CONCLUSION

There are two dominant narratives surrounding Latinos and their religious beliefs. The first is that they are Catholic and deeply religious. Public opinion surveys show that over two-thirds of Latinos identify as Catholic and an equal number actively participate in religious rituals or have religious beliefs (Pew Research Reference Research2007). The second narrative is that Latinos are leaving Catholicism and embracing Evangelical Christianity (Pew Forum Reference Forum2007; Jones, Cox, and Navarro-Rivera Reference Jones, Cox and Navarro-Rivera2013). In a recent study by Fraga et al. (Reference Fraga, Garcia, Hero, Jones-Correa, Martinez-Ebers and Segura2011), they find that, over time, the number of Latinos self-identifying as Catholics is declining, while the number who self-identify as Evangelical increasing. Some contend that Latinos should naturally align with the Republican Party because of their religious and social conservatism (Pantoja Reference Pantoja2014). Additionally, because both of these narratives place churches at the center of Latino life, there is reason to think Latino participation will continue to rise given the impact of church attendance on increasing participation (see Djupe and Gilbert Reference Djupe and Gilbert2008; Jones-Correa and Leal Reference Jones-Correa and Leal2001; Verba et al. Reference Verba, Schlozman, Brady and Nie1993). This article puts forth an alternative narrative. We argue that Latino religiosity is overstated and that secularism among them is on the rise. Survey data from the 2006 LNS reveals that, based on church attendance, one-quarter of Latinos can be classified as “secular” and that number jumps to one-third among the 2.5 generation. In fact, depending on the question used in opinion surveys, the number of Latinos who can be classified as secular is much higher.Footnote 10 The rise of secularism among Latinos has significant political consequences, yet remains underexplored by social scientists.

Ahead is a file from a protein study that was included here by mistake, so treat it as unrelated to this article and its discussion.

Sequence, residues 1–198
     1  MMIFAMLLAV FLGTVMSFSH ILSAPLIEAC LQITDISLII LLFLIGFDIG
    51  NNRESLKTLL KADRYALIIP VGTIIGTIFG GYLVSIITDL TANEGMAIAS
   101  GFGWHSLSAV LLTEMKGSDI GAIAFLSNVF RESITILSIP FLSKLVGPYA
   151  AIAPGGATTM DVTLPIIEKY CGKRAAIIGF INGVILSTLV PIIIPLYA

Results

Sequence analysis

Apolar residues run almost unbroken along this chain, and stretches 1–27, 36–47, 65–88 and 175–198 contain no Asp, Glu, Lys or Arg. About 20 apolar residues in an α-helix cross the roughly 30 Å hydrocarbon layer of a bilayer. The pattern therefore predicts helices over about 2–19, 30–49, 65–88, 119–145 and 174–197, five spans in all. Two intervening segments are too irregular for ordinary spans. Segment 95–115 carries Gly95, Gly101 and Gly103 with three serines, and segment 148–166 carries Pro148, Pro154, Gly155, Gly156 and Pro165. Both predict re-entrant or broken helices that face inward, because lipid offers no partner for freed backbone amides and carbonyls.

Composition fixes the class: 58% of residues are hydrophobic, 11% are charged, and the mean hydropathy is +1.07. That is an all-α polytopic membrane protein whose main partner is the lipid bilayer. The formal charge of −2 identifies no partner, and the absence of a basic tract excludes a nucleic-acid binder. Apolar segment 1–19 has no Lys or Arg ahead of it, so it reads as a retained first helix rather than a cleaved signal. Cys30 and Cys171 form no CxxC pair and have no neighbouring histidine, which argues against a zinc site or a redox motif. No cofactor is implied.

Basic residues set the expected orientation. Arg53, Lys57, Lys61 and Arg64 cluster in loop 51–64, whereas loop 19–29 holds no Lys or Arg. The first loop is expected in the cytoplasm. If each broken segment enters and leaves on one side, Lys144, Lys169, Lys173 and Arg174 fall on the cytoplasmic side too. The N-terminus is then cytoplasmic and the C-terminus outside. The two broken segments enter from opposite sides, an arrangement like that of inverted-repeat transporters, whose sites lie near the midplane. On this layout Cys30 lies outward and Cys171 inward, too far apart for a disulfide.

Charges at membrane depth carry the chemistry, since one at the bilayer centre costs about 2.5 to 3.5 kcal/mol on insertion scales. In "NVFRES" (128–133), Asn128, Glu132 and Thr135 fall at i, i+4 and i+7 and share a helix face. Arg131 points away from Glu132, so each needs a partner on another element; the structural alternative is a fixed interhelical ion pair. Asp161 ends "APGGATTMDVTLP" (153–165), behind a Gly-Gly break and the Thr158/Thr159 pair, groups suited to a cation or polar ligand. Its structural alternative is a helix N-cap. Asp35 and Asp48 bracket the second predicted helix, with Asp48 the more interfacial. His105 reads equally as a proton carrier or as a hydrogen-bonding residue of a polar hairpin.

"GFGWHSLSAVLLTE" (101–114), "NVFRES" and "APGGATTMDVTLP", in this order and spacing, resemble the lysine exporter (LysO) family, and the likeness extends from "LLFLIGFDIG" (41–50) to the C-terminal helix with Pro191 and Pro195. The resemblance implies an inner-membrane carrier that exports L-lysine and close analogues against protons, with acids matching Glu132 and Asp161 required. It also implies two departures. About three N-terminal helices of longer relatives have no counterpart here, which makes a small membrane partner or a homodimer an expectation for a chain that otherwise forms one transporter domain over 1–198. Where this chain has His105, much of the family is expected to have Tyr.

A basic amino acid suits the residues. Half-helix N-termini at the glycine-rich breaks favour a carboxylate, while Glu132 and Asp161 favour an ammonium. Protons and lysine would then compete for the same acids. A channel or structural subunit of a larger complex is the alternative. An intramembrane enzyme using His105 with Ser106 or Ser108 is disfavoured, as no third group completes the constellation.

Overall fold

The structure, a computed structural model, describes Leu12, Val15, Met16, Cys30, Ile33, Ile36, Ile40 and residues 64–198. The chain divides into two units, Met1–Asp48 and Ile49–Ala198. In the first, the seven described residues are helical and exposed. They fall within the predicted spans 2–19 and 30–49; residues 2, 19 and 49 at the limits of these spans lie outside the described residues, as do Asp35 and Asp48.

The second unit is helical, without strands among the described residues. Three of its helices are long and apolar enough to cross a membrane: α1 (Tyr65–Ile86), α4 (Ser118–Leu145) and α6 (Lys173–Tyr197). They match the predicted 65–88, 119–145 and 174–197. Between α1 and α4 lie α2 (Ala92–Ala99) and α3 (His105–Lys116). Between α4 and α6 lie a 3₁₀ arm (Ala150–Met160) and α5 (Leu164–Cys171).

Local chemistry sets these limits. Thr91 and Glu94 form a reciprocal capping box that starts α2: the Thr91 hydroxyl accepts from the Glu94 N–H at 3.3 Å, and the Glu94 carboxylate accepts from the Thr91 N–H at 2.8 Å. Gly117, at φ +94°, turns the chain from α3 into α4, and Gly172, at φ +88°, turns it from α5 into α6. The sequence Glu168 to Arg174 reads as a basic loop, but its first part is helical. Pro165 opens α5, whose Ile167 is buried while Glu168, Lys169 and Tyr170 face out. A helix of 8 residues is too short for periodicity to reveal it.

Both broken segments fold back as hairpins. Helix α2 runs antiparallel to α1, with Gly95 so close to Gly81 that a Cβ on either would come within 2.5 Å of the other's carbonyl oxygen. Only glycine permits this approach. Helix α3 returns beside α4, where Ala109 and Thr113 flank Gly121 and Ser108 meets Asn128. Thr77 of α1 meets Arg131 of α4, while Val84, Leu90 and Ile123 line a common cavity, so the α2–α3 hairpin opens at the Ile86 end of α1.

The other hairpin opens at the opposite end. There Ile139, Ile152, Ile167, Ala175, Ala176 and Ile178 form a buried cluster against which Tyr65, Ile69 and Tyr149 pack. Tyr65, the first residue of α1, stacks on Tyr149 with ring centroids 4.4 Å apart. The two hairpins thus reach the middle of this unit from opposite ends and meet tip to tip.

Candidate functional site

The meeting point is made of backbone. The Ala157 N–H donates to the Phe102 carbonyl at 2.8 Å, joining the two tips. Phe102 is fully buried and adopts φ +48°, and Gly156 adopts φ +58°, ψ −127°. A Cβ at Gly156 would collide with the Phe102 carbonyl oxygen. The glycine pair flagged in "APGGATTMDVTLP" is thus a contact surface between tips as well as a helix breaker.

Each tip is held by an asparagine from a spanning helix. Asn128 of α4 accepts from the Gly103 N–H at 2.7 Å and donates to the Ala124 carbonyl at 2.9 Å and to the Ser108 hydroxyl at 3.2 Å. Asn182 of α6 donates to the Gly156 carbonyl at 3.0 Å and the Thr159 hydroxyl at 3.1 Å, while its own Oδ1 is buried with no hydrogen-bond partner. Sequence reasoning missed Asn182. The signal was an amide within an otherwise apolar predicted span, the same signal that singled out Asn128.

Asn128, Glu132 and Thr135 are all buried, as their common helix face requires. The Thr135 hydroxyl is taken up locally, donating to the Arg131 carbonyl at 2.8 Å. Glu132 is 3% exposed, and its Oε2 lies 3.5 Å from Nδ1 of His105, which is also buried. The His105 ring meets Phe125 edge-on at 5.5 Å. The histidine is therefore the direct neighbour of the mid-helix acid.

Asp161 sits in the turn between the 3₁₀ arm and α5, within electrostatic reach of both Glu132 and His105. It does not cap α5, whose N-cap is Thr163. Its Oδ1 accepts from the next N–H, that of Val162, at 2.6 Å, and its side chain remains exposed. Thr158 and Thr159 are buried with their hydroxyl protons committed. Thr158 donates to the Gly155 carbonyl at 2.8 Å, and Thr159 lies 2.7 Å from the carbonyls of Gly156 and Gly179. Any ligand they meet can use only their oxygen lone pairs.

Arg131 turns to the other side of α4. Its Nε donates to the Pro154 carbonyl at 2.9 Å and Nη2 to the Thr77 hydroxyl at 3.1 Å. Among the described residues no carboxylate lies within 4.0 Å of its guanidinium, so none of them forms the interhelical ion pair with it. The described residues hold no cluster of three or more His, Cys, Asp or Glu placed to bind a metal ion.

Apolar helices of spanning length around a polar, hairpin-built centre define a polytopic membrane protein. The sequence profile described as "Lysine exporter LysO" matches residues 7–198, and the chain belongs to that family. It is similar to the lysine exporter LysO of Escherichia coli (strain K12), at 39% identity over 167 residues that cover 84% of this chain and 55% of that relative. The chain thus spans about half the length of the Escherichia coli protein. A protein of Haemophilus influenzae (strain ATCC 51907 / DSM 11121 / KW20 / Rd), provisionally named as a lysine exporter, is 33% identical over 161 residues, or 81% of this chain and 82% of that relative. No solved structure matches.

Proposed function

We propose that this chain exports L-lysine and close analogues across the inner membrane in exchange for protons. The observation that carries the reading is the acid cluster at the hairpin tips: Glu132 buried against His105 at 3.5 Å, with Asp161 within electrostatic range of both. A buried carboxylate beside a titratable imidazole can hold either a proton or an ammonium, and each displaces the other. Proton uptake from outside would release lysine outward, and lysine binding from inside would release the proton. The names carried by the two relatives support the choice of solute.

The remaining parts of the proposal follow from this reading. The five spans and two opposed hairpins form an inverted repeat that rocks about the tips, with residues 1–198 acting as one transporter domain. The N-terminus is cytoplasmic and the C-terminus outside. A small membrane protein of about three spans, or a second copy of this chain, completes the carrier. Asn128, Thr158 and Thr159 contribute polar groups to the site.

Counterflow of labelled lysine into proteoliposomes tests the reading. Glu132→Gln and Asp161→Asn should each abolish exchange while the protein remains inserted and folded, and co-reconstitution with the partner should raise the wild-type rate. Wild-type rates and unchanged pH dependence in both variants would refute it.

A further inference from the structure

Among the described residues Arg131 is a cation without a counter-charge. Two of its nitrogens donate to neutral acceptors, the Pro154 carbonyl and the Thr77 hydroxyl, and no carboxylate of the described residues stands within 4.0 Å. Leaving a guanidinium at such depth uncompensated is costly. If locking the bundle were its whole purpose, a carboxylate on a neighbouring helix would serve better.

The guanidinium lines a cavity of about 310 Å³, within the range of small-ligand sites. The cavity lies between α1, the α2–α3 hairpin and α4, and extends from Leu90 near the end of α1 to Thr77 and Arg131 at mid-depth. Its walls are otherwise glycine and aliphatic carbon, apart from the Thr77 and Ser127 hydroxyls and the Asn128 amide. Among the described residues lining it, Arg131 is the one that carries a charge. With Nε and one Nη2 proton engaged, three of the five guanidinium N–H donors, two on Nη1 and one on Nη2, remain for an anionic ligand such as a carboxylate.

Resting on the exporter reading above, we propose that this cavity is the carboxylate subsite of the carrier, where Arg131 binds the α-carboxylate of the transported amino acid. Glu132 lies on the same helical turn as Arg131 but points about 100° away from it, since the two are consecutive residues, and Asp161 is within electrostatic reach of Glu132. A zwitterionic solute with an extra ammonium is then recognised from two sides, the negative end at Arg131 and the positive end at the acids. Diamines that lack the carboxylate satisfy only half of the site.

The purpose of this study is to explore the factors underlying secularism or the decline in religious participation and beliefs among Latinos, and to adjudicate the impact of secularism and other factors on Latino civic engagement. We test two key theories that explain the rise of secularism across societies and individuals — modernization theory and existential security theory. Modernization theory essentially attributes the decline of religiosity to changes in economic development and socio-cultural shifts that accompany that economic change. Applying this framework to Latinos it is hypothesized that the migration and acculturation process should increase secularism as Latinos adopt the values of non-Hispanic white Americans. Thus, Latinos who are more acculturated, as measured by generational status, will be more secular. The second proposition, the existential security hypothesis, predicts that individuals in societies with higher levels of human security, typically post-industrial countries with extensive welfare systems, are more secular relative to individuals in agricultural societies. Within the American context, a post-industrial society, we hypothesize that variations in economic security, a proxy for existential security, correspond to variations is secularism. Finally, to discuss the political implications, we examine the effects of the measures of modernization and existential security on civic participation, and compare them with the effects of church attendance.

The results of the multi-variate analysis reveal strong support for the modernization thesis and partial support for the existential security thesis. As Latinos acculturate they attend church less, and the same is true for those who are more economically secure. Given the primacy of churches as social context for building civic skills and participation, this may bode poorly for increases in Latino participation. We find, however, that though church attendance is a significant predictor of civic participation, so are other factors — such as generational status and employment — which the exact factors are predicting lower levels of church attendance. Overall, the findings indicate that increases in generational status, coupled with socio-economic mobility will quicken the decline of religious practices among Latinos, but these same characteristics can help alleviate possible decreases in the likelihood for political participation from losing the social network and support churches typically provide to minority groups.